Another thing: Case insensitive is more natural to typical users and humans at all. Why "Letter.txt" and "letter.txt" should be different things? Why changing character case make some name totally different name? Case sensitivity forces user to think like computer do - file names is not file names but just a string of bytes. If Linux is about freedom why not give case insensitivity to user which wants it instead of trying to make him take different approach with arguments like "Its old Windows/DOS crap don't take it"?

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            • #7
              Originally posted by xorbe View Post
              But not on openSUSE Tumbleweed.
              It's a widely known fact that people on Tumbleweed don't need this.

              (more seriously, what are you talking about?)

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              • #8
                Originally posted by rene View Post
                I find it really sill what a fuzz is made here re-occurringly about such an anti-features. Who in it's right mind would want to use such a crippled DOS name lookup thing?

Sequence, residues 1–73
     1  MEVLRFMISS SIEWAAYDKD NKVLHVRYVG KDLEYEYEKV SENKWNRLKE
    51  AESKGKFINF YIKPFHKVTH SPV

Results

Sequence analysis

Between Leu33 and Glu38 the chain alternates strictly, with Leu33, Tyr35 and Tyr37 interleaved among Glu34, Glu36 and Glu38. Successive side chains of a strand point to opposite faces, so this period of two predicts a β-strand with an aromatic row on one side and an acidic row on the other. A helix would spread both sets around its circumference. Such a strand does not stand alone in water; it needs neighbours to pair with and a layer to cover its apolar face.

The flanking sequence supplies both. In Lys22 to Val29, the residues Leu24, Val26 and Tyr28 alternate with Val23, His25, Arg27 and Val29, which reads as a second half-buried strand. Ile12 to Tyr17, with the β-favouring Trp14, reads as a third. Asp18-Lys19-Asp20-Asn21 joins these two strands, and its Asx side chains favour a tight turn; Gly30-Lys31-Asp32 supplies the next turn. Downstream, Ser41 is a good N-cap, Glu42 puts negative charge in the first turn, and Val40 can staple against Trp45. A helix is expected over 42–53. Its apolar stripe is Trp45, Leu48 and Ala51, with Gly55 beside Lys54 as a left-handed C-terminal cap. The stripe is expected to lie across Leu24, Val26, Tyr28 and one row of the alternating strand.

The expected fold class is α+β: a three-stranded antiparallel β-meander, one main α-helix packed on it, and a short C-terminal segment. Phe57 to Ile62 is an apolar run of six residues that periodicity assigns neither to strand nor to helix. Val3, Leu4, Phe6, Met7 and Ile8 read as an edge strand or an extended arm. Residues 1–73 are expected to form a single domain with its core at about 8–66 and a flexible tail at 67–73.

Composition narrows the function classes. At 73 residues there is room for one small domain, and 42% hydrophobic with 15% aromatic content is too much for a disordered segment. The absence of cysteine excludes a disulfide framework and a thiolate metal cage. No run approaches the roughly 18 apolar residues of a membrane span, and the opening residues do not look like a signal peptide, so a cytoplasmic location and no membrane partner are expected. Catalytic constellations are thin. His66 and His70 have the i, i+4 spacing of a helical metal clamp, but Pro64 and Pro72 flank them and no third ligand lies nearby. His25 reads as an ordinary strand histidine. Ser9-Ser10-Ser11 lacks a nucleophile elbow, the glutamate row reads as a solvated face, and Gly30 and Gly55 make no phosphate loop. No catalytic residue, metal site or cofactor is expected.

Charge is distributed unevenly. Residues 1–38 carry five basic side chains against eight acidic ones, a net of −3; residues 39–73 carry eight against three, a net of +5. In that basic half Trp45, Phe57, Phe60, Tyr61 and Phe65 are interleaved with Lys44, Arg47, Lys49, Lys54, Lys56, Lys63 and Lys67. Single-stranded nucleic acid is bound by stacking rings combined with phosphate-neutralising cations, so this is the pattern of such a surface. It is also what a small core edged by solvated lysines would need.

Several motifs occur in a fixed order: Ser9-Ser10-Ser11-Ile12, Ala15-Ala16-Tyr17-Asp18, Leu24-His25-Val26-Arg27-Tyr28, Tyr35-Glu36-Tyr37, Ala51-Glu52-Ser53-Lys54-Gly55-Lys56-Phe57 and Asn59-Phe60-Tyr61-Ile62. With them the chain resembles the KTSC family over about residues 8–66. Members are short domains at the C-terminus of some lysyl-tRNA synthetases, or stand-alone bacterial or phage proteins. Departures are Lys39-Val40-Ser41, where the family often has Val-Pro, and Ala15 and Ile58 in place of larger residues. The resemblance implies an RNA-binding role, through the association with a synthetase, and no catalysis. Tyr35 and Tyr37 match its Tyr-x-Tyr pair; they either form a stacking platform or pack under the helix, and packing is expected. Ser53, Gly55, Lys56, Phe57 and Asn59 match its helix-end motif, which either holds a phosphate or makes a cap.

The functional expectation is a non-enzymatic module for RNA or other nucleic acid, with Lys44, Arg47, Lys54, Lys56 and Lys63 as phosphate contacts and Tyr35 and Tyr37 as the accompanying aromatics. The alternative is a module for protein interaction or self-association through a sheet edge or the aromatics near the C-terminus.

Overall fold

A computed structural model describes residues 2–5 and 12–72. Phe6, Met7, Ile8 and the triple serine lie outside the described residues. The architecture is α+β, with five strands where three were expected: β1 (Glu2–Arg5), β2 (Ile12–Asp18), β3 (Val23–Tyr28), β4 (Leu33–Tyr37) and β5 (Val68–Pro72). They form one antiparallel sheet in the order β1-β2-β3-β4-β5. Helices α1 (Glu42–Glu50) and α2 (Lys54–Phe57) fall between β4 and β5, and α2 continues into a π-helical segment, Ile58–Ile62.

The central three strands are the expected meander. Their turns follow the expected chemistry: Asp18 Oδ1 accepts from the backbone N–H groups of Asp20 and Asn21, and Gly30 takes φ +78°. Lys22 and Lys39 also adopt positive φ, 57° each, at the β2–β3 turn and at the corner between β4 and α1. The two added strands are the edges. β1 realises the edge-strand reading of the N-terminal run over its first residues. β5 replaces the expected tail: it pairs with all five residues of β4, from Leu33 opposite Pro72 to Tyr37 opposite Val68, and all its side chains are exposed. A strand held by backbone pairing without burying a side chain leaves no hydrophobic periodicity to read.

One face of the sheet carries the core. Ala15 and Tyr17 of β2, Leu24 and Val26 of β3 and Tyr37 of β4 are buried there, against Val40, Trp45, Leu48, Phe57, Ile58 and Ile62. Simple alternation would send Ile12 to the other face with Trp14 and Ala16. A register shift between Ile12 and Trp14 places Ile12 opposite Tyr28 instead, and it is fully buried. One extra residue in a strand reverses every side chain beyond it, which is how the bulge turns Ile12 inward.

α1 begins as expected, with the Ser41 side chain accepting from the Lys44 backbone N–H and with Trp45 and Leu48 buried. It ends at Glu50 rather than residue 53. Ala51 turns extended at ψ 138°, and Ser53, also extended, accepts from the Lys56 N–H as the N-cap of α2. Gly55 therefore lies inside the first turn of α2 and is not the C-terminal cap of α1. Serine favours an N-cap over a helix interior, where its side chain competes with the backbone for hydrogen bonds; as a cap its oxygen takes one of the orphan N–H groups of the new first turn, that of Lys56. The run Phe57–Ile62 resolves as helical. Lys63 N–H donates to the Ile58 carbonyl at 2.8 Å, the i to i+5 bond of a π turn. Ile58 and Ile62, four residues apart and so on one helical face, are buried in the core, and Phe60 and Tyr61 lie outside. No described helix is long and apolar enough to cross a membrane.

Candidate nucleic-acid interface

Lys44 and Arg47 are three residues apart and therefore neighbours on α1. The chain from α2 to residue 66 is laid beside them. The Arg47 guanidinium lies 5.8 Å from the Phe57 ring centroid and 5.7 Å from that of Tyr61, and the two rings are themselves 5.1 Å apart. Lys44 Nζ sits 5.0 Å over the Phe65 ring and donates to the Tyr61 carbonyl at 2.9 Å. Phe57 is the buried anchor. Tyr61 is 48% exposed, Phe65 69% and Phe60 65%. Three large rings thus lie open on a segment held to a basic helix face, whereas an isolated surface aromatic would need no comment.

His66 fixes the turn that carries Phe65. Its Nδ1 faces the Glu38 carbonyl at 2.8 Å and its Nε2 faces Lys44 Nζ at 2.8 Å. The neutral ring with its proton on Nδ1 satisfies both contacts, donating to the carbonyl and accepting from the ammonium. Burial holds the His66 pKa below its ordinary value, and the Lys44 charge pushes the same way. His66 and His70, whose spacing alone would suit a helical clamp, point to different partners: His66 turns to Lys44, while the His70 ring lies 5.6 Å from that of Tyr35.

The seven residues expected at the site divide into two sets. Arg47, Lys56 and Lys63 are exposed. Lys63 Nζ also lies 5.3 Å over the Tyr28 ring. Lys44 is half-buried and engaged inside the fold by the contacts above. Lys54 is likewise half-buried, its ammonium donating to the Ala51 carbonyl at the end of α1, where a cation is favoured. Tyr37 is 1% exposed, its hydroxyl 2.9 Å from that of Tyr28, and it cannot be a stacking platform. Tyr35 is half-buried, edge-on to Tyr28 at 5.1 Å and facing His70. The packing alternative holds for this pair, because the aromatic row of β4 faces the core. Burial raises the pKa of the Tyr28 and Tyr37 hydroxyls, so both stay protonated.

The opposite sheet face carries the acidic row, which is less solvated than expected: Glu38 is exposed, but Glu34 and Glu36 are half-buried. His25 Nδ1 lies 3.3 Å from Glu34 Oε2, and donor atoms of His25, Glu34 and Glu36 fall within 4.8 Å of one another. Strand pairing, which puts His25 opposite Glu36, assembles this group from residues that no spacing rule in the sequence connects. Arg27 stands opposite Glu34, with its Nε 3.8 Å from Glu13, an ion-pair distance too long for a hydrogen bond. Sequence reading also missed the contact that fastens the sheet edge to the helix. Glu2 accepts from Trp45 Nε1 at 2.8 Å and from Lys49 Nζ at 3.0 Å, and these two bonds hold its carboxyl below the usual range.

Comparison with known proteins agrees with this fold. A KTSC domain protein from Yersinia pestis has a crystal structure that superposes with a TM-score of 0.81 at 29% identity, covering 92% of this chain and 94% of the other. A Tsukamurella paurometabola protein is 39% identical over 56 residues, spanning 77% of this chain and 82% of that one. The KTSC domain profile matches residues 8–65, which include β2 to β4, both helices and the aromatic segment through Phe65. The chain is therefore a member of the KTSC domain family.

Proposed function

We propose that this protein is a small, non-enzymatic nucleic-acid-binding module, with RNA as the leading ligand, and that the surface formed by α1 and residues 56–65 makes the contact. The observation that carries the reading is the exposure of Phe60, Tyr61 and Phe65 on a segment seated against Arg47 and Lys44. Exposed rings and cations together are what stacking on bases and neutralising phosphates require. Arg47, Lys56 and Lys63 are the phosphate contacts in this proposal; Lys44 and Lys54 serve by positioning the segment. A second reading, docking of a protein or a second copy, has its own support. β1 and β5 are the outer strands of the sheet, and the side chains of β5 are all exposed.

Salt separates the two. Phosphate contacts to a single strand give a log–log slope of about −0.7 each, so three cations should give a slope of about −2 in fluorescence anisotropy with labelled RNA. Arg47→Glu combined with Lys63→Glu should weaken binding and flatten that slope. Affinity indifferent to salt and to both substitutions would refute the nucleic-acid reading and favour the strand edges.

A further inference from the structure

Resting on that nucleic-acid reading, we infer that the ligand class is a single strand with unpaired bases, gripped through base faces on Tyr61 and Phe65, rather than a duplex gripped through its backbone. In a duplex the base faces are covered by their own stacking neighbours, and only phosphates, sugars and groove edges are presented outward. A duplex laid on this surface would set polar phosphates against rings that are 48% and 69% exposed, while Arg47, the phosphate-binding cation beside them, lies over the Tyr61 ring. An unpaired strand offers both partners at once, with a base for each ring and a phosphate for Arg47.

DOS isn't truly case-insensitive. It is always-uppercase.

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                • #9
                  Originally posted by dragon321 View Post

                  Funny considering case insensitive is harder to implement than case sensitive. Instead of simply comparing bytes you have to take care of sensitivity. When you have a lot of alphabets (We have Unicode) it's become quite difficult. Really compare with DOS? DOS had filenames with format 8.3, supported only ANSI and wasn't case preserving. Modern implementation (like this on ext4 and F2FS) should support Unicode, be optional and case preserving. If you compare this with DOS you can also compare modern Linux with 70's UNIX.

                  Another thing: Case insensitive is more natural to typical users and humans at all. Why "Letter.txt" and "letter.txt" should be different things? Why changing character case make some name totally different name? Case sensitivity forces user to think like computer do - file names is not file names but just a string of bytes. If Linux is about freedom why not give case insensitivity to user which wants it instead of trying to make him take different approach with arguments like "Its old Windows/DOS crap don't take it"?
                  Because all this added complexity open a mostly unnecessary pandora can of bugs. Very few people ever asked for this, and the Linux kernel already has enough random bugs. Make software simpler not over complex at each and every corner.

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                  • #10
                    Originally posted by rene View Post
                    Because all this added complexity open a mostly unnecessary pandora can of bugs. Very few people ever asked for this, and the Linux kernel already has enough random bugs. Make software simpler not over complex at each and every corner.
                    This is code that does not affect most other parts of the kernel. At worst, this specific feature is bugged.